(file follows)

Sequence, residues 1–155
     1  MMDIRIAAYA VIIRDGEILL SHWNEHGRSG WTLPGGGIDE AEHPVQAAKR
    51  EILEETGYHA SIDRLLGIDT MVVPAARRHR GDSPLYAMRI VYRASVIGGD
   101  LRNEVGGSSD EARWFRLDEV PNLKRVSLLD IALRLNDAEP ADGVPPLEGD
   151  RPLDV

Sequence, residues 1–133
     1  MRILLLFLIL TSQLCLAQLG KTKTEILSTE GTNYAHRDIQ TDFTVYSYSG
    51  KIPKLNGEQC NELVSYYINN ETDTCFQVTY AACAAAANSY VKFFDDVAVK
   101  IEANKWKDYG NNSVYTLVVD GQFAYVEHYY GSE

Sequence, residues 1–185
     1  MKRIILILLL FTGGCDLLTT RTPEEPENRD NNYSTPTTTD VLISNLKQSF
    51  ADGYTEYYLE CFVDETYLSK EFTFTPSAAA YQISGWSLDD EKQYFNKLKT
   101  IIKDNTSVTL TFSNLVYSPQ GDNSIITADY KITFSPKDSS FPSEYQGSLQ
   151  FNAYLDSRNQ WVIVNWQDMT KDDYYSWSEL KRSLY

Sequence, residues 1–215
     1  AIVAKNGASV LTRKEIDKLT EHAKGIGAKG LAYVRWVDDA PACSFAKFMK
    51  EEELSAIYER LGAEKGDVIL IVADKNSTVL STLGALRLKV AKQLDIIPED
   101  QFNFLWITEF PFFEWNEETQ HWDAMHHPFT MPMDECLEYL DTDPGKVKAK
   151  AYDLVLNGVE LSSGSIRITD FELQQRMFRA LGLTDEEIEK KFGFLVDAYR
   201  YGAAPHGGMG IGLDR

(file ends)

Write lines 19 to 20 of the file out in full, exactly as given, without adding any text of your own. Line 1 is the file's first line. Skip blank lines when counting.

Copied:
   151  AYDLVLNGVE LSSGSIRITD FELQQRMFRA LGLTDEEIEK KFGFLVDAYR
   201  YGAAPHGGMG IGLDR